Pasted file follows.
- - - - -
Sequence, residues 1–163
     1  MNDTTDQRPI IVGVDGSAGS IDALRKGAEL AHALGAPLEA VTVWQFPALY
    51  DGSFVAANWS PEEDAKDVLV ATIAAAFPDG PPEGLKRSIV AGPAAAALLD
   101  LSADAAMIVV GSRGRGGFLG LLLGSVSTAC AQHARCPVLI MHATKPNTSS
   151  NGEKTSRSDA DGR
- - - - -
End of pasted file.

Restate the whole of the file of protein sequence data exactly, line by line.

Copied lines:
Sequence, residues 1–163
     1  MNDTTDQRPI IVGVDGSAGS IDALRKGAEL AHALGAPLEA VTVWQFPALY
    51  DGSFVAANWS PEEDAKDVLV ATIAAAFPDG PPEGLKRSIV AGPAAAALLD
   101  LSADAAMIVV GSRGRGGFLG LLLGSVSTAC AQHARCPVLI MHATKPNTSS
   151  NGEKTSRSDA DGR